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A two-week strike beginning today at Scotland’s biggest container port of Grangemouth threatens to seriously disrupt the supply chain for Scottish exporters and importers – not least for its major export of whisky.
And when the strike ends on Tuesday 29 March, the Unite union will impose a ban on overtime.
Grangemouth is owned and operated by Forth Ports and handles over 150,000 containers a year, mainly transhipment cargo between Antwerp, Rotterdam and Hamburg, with coastal feeds to and from the UK’s biggest container port of Felixstowe.
Grangemouth is the UK’s largest feeder port and uniquely processes more exports than imports due to its gateway status for Scotland’s whisky exports, which contribute £4.3bn annually to the country’s economy.
The dispute, which has all the hallmarks of a potentially long and bitter dispute, centres on what the union claims is “the imposition of shift changes, affecting pay by up to £1,800 a year”.
A spokesperson for Port of Grangemouth told The Loadstar: “We are disappointed that Unite has decided to take this unjustified action in response to new shift patterns designed to meet to the needs of our customers.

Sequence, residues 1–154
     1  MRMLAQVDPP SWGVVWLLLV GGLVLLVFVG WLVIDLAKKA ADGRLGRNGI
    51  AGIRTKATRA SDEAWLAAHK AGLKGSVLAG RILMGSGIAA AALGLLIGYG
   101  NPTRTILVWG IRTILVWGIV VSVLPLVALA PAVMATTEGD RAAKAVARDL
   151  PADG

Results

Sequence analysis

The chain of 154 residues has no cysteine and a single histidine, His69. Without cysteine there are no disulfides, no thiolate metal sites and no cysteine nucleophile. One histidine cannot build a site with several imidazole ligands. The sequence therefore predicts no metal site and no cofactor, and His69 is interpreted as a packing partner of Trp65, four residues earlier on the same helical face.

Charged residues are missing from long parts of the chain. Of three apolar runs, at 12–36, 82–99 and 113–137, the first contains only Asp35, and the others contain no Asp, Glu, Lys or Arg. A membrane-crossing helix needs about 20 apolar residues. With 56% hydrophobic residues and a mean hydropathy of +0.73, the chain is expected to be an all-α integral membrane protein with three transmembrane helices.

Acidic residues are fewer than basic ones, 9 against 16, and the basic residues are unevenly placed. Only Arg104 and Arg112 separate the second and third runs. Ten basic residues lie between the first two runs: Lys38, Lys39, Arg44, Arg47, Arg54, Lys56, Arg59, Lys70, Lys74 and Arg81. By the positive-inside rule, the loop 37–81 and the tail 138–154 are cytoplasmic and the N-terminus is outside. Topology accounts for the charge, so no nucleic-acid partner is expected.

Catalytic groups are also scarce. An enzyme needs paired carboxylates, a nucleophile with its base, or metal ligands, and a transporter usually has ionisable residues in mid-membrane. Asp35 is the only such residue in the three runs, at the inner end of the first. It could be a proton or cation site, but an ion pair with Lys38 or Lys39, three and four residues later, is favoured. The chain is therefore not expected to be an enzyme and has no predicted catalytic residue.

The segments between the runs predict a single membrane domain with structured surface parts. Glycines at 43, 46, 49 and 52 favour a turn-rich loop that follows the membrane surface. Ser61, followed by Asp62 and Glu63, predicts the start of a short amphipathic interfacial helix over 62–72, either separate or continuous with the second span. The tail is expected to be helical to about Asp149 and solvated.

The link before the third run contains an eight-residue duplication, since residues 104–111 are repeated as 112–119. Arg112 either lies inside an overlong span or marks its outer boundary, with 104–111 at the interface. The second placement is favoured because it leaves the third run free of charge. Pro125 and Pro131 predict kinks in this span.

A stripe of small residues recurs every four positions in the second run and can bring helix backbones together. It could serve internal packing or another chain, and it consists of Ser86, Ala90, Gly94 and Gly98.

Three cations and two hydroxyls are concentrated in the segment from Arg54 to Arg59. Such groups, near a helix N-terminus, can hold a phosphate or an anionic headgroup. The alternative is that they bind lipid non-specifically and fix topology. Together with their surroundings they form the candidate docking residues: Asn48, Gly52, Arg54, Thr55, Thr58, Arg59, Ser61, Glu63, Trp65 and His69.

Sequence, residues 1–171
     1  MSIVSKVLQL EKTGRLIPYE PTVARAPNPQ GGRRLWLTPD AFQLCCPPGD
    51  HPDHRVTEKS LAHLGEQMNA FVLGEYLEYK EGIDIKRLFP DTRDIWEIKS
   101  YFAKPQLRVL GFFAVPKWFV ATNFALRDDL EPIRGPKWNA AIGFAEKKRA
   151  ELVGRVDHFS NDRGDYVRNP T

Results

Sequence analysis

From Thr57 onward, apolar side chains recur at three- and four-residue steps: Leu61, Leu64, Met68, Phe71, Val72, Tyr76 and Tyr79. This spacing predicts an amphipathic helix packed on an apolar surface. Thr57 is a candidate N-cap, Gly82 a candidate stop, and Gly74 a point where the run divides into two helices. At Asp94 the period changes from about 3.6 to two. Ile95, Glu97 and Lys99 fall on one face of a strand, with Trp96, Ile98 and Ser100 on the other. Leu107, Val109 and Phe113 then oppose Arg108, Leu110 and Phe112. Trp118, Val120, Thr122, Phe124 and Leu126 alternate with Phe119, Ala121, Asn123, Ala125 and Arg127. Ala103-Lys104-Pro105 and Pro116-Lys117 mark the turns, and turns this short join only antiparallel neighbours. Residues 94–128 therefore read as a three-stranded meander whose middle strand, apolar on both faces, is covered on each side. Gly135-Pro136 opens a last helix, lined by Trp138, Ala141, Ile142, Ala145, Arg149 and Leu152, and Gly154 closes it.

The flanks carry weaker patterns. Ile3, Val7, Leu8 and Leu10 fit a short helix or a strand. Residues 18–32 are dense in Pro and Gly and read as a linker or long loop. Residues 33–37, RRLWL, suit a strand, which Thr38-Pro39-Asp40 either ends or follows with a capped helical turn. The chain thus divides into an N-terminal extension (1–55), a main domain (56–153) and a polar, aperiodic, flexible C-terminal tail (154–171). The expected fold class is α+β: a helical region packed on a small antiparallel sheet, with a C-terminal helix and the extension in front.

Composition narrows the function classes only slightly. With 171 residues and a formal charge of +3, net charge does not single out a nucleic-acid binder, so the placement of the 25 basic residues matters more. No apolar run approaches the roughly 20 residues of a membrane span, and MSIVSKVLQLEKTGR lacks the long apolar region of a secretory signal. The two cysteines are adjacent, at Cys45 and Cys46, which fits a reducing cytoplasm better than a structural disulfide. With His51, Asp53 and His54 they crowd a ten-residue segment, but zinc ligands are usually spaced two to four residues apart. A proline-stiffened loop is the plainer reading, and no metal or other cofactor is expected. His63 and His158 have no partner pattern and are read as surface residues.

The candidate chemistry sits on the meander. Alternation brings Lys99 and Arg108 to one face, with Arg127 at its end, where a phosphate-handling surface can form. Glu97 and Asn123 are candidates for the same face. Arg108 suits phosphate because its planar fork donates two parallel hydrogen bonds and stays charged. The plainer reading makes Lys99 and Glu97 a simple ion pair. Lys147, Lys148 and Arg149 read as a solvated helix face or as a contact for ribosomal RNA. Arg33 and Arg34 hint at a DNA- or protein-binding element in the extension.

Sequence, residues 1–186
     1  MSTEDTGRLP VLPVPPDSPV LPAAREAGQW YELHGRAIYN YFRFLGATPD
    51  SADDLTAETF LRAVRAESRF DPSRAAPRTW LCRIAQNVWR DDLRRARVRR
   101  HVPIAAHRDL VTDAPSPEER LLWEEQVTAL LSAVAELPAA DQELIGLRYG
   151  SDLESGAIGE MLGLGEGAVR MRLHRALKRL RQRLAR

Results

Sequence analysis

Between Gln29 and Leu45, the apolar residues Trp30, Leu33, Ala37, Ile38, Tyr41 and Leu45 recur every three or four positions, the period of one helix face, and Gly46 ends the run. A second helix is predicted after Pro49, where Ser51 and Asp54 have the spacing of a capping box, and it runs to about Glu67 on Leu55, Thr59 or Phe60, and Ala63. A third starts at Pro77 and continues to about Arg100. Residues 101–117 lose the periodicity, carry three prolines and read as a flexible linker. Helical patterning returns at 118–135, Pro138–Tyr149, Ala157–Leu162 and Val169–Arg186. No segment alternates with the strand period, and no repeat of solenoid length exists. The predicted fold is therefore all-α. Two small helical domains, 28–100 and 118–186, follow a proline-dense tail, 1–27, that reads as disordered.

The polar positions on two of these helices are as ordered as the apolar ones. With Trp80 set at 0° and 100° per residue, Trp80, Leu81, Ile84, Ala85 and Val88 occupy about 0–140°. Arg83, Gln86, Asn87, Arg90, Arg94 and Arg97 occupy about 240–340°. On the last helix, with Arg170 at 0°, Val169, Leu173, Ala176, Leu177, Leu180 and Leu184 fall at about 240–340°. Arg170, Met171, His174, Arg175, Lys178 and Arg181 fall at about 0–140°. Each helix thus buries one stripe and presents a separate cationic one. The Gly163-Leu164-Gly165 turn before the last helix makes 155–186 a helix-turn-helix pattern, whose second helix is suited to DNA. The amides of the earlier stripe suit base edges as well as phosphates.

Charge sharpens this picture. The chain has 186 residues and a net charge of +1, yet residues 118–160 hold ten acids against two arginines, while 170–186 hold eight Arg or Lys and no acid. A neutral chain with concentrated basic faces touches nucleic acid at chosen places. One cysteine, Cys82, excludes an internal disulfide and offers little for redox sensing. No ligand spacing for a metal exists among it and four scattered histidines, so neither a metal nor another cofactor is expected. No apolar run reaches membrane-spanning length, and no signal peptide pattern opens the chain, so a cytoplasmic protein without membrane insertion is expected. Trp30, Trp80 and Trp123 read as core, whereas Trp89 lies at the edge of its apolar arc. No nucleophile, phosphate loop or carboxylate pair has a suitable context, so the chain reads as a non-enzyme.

“While we have suspended quayside operations at the container terminal, except for vessels that are already in the port or the river, the remainder of the port remains open for business and continues to operate.
“Vessels call at the port seven days a week and we need to be able to service those vessels. Our staff and their union accepted the need for such flexibility, and that shift patterns may require to change in the future, when this element of their employment contracts was agreed in 2011.”
Unite regional officer Sandy Smart said: “We are on the verge of a prolonged strike action at Scotland’s biggest port because of Forth Ports’ draconian approach to employment relations.
“The basics of good relations are consultation and negotiation but Forth Ports completely ignored this to impose a range of measures that will cause significant financial detriment to its employees.
“We have repeatedly approached the employer in an effort to resolve this situation and avoid a damaging dispute but we have been stonewalled at every turn. The anger of our members is clear in the overwhelming support for strikes and their demands for proper negotiations concerning the future of their livelihoods.”
Both Unifeeder and BG Freight Line operate liner and ad-hoc feeder calls to Grangemouth linking it with deepsea hubs in their east coast UK feeder networks that also call at Teesport and South Shields.
In a customer advisory today, Peel Ports-owned BG Freight said it planned to offer its customers an alternative Rotterdam-Greenock feeder from next week at the King George V container terminal, Greenock, on the Scottish west coast, which is also owned by Peel Ports.
BG Freight already has calls at Greenock with its weekly Irish Sea feeder service.